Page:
Perl Pattern Matching
Patterns are subject to an additional level of interpretation as a regular expression. This is done as a second pass, after variables are interpolated, so that regular expressions may be incorporated into the pattern from the variables. If this is not what you want, use \Q to interpolate a variable literally.
This is just like the /pattern/ search, except that it matches only once between calls to the reset() operator. This is a useful optimization when you only want to see the first occurrence of something in each file of a set of files, for instance. Only ?? patterns local to the current package are reset.
Searches a string for a pattern match, and in a scalar context returns true (1) or false (''). If no string is specified via the =~ or !~ operator, the $_ string is searched. The string specified with =~ can be a variable or the result of an expression evaluation. The initial 'm' can be omitted if '/' is used for the delimiters, otherwise any non-alphanumeric character can be used (apart from whitespace).
The modifier options are:
g Match globally, i.e. find all occurrences.
i Do case-insensitive pattern matching.
m Treat string as multiple lines - default is to assume just a single line in the string (no embedded newlines). See $*.
o Only compile pattern once, even if variables within it change.
s Treat string as single line.
x Use extended regular expressions. Whitespace that is not backslashed or within a haracter class is ignored, allowing the regular expression to be broken into more readable parts with embedded comments.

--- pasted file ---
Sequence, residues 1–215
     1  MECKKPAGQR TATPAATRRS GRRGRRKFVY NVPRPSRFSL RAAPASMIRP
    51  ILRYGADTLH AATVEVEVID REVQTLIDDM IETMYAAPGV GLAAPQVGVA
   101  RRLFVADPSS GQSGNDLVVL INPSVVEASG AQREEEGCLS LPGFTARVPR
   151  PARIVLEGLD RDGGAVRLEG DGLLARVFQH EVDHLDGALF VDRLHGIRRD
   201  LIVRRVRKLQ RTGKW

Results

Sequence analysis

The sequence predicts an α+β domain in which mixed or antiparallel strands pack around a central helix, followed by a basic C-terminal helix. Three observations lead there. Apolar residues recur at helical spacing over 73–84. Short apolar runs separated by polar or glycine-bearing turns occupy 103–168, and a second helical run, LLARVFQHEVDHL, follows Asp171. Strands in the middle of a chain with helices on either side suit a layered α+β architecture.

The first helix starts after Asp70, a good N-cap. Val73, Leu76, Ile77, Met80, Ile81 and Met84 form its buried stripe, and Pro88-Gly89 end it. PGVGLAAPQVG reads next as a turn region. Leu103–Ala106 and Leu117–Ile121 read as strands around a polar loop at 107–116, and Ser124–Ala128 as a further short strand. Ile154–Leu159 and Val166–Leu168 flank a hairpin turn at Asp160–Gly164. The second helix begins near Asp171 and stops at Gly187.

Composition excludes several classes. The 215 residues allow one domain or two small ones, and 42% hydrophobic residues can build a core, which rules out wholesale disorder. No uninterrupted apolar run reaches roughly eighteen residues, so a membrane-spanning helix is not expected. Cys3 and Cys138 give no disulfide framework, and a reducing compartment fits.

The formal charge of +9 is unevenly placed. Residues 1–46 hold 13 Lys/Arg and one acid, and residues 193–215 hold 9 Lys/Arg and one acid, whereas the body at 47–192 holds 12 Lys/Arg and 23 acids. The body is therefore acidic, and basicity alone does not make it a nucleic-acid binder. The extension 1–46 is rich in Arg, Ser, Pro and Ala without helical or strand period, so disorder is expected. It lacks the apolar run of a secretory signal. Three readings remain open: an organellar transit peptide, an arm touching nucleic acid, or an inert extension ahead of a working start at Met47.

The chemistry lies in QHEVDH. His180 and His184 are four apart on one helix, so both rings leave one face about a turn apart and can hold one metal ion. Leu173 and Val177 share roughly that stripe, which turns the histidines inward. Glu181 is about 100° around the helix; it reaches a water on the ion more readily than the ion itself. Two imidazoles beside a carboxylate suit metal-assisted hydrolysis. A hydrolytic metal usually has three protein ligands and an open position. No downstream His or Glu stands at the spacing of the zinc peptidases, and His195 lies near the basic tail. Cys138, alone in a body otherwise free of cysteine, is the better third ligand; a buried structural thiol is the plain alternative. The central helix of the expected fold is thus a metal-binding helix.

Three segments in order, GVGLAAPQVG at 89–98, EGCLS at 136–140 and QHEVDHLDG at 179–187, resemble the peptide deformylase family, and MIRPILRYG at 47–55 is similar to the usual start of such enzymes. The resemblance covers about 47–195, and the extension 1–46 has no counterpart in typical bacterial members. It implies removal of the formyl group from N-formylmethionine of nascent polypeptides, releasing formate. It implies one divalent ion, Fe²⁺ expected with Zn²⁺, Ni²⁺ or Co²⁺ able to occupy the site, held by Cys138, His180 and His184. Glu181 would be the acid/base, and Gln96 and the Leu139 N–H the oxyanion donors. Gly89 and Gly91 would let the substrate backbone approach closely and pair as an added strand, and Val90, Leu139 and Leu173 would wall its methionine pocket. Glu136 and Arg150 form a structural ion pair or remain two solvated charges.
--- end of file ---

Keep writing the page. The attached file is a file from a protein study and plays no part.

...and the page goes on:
In a list context, the pattern match returns the portions of the target string that match the expressions within the pattern in brackets. In a scalar context, each iteration identifies the next match (pos() holding the position of the previous match on the variable).
A single-quoted, literal string, default delimiters are single quotes ('...'). Backslashes are ignored, unless followed by the delimiter or another backslash, in which case the delimiter or backslash is interpolated.
A double-quoted, interpolated string, default delimiters are double quotes ("...").
A string which is interpolated and then executed as a system command. The collected standard output of the command is returned. In scalar context, it comes back as a single (potentially multi-line) string. In list context, returns a list of lines (depending on how the $/ delimiter is specified).
    $today = qx{ date };
Returns a list of the words extracted out of STRING, using embedded whitespace as the word delimiters. It is exactly equivalent to:
    split(' ', q/STRING/);
Some frequently seen examples:
    use POSIX qw( setlocale localeconv )
    @EXPORT = qw( foo bar baz );
Searches a string for a pattern, and if found, replaces that pattern with the replacement text and returns the number of substitutions made. Otherwise it returns false (0).
If no string is specified via the =~ or !~ operator, the $_ variable is searched and modified. (The string specified with =~ must be a scalar variable, an array element, a hash element, or an assignment to one of those, i.e. an lvalue.)